New at the MFAH Kinder building this Fall + Advanced Schedule for Fall 2023
By In Town Staff
On View this Fall at the Nancy and Rich Kinder Building: Simone Leigh’s Iconic Satellite, newly completed for the MF AH; New Modern and Contemporary Exhibitions
A Houston edition of Leigh’s 2022 signature work from the 59th Venice Biennale, “Satellite” enters the MFAH collection and will be sited in front of the Kinder building “Contested Landscapes,” “Hidden Histories” and “Love Languages” are the second suite of thematic exhibitions for the Kinder Building; Galleries devoted to Decorative Arts, Craft and Design; Photography; and Prints and Drawings present new displays, as well.
Simone Leigh’s towering, 24-foot-high Satellite (2022), an edition for Houston of the artist’s signature work from the 59th Venice Biennale, will be installed in front of the Nancy and Rich Kinder Building for modern and contemporary art in October.
Satellite was the centerpiece of the artist’s project for the American Pavilion in Venice, epitomizing her exploration of the Black female figure through bronze and aligning closely to her vessels, which symbolize and honor Black women. The piece will be sited adjacent to Cristina Iglesias’ water sculpture Inner Landscape (2020), at the entrance to the Kinder Building.
In addition, a suite of three thematic exhibitions drawn from the MFAH collections of modern and contemporary art will be on view, beginning September 2. This the second series curated for the third floor of the Kinder Building, which opened in November 2020.
Encompassing painting, sculpture, and photography; prints and drawings; and decorative arts, craft and design, the three exhibitions delve into these exceptional collections to address environmental, social and political themes.
Gary Tinterow, Director and Margaret Alkek Williams Chair of the MFAH, commented, “When, at the opening of last year’s Venice Biennale, I inquired about the availability of Simone Leigh’s Satellite, I was thrilled to learn that the artist would have a cast made specifically for Houston. Now that the bronze has been released by the foundry, I am delighted to announce the installation of this powerful work, which I am certain will become an iconic presence in front of the Kinder Building. It is an honor to have Simone Leigh represented at the Sarofim Campus, where her work will be in the company of recent monumental works by Ai Weiwei, El Anatsui, Carlos Cruz-Diez, Byung Hoon Choi, Ólafur Elíasson and Cristina Iglesias.”
He added, “When the Nancy and Rich Kinder Building opened in November 2020, we considered it a triumph – not only for completing the Fayez S. Sarofim campus during the pandemic but for allowing us to showcase for our public, for the first time, the incredible depth of our modern and contemporary collections. With just over one million visits to our campuses this past fiscal year, our community appears to agree. The installation of Satellite, and this next series of installations in the Kinder Building, will highlight for our public the strength of our modern and contemporary holdings, the fastest-growing segment of our collection.”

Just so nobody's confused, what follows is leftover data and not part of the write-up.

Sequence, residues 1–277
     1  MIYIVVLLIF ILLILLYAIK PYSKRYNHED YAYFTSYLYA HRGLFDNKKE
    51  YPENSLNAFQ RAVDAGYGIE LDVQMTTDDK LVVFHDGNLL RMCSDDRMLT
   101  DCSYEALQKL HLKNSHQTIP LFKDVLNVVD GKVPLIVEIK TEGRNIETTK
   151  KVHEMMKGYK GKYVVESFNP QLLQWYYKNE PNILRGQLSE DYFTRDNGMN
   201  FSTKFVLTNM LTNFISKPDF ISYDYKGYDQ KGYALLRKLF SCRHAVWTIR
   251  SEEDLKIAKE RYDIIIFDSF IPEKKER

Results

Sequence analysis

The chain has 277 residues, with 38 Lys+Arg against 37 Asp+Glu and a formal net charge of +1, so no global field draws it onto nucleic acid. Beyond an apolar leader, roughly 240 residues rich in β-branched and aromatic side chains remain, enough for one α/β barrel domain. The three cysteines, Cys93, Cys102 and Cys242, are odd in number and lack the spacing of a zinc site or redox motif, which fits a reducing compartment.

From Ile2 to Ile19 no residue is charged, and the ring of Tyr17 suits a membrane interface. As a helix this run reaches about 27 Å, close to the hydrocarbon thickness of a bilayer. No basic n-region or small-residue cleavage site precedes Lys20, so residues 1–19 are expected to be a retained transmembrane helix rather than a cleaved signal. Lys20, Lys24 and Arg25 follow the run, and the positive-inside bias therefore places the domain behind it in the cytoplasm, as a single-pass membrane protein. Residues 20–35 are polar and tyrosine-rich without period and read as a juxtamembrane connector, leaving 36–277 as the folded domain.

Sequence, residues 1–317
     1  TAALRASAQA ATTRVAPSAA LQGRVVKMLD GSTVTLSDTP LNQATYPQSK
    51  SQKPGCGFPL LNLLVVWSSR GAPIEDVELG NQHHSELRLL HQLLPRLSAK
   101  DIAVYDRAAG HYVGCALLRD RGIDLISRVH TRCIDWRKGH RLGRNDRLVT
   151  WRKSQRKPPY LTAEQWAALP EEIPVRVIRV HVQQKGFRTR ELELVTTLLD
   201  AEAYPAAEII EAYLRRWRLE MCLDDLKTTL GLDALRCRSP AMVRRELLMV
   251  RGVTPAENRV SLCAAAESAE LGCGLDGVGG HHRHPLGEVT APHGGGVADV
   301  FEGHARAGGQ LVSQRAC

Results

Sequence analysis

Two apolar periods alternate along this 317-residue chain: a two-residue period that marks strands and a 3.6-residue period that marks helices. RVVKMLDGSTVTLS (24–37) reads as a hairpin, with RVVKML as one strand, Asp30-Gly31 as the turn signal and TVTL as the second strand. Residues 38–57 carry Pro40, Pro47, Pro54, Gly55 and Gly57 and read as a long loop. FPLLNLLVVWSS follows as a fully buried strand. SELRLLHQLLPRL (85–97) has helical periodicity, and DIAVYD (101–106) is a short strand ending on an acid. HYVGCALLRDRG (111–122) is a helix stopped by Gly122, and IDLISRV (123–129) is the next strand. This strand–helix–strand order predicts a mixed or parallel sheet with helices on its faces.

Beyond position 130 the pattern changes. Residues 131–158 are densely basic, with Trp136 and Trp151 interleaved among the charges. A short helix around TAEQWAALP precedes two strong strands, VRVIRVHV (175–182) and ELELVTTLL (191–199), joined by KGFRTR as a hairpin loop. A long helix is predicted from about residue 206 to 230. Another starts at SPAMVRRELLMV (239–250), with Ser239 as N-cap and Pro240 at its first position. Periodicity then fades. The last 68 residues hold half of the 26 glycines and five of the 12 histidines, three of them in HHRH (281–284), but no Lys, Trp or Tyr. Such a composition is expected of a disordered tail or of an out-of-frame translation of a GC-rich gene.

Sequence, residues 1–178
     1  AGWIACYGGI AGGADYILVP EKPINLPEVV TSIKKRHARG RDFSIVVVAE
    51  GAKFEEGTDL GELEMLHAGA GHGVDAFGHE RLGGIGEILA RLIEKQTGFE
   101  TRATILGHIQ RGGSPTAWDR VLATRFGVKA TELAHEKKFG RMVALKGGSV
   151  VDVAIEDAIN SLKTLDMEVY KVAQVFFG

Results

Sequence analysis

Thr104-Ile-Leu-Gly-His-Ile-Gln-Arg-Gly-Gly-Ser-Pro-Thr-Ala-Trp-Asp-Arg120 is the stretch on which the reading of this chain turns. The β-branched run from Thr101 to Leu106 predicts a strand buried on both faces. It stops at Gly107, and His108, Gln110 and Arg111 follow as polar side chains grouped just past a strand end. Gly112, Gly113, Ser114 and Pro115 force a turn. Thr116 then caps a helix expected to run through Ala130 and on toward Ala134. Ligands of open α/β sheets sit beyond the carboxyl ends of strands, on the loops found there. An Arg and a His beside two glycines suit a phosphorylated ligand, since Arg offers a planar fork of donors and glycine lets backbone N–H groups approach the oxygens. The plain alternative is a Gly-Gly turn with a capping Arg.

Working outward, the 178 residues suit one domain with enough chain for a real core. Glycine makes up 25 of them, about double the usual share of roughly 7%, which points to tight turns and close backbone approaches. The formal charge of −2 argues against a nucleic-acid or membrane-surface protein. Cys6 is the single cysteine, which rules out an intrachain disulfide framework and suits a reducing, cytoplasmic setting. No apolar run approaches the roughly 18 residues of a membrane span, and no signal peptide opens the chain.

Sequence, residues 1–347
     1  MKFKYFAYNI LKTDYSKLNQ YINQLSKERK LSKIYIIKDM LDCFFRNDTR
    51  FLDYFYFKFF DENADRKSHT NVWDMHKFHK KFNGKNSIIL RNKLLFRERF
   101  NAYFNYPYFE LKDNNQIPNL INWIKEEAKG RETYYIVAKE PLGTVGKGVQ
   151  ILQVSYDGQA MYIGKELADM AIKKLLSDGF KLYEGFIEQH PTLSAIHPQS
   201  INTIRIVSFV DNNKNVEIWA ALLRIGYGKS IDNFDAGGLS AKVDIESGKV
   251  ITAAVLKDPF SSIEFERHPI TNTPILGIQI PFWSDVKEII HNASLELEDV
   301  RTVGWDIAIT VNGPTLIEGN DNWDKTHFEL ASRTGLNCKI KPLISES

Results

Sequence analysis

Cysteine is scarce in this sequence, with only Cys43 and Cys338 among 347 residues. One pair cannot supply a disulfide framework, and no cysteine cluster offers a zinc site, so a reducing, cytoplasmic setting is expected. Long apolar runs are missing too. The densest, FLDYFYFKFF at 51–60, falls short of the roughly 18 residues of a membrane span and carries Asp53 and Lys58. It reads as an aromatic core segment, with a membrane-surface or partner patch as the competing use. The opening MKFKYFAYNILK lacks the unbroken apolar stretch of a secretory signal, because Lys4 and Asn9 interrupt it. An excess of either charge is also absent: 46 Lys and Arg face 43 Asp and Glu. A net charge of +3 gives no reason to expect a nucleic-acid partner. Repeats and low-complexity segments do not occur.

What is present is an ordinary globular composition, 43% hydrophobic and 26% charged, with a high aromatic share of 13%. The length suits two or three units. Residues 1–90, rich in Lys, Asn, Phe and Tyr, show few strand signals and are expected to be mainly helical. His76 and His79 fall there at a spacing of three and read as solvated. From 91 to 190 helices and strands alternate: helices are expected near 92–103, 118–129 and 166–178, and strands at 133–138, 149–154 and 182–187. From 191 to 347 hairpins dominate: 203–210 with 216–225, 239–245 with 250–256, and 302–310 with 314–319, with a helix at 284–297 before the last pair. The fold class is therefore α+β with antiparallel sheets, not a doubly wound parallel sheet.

Nancy and Rich Kinder Building Reinstallations: Three shows curated from the MFAH modern and contemporary collections comprise this exhibition series for the third-floor galleries in the Kinder Building, which opened in November 2020.
Contested Landscapes, September 2, 2023 – September 8, 2023, brings together a selection of contemporary artworks that reexamine the traditional genre of landscape through an ecological lens. By using diverse materials and innovative techniques, the featured artists, including Teresita Fernández, Richard Long, Radcliffe Bailey, Johanna Calle, Edward Burtynsky, Kent Dorn, Harry Geffert, Soledad Salamé, Jennifer Trask, Zana Briski, Studio DRIFT, and Dawoud Bey, reshape representations of geography, topography, and the environment to critically examine humans’ interaction with the natural world. In their works, landscapes become contested sites of power, acting as indices of larger cultural concerns, movements, and residual traumas, specifically as issues such as climate change and environmental justice stem from the social, political, and economic motivations of establishing control over geographic territories.Hidden Histories,
September 2, 2023 – September 27, 2025, explores the notion of anti-monuments through the work of several generations of artists from Europe, the United States, Asia, Africa, and Latin America who use innovative artistic practices memorialize aspects of the lives of ordinary citizens or places that have been ignored, sidelined, or deliberately obscured by official accounts. Unlike traditional monuments, they do not rely on fixed narratives, celebratory gestures, or grandiose materials. Instead, they employ a variety of unconventional means and strategies aimed at encouraging viewers to think critically about the past and its relevance for the present and future. Featured artists include Allora & Calzadilla, Michael Armitage, Paul Briggs, Jamal Cyrus, Gilbert and George, Zhang Huan, Tom Huck, Kahlil Joseph, Anselm Kiefer, Julie Mehretu, Camilo Ontiveros, Vincent Valdez and Adriana Corral, Kukuli Velarde, and Marie Watt. Love Languages,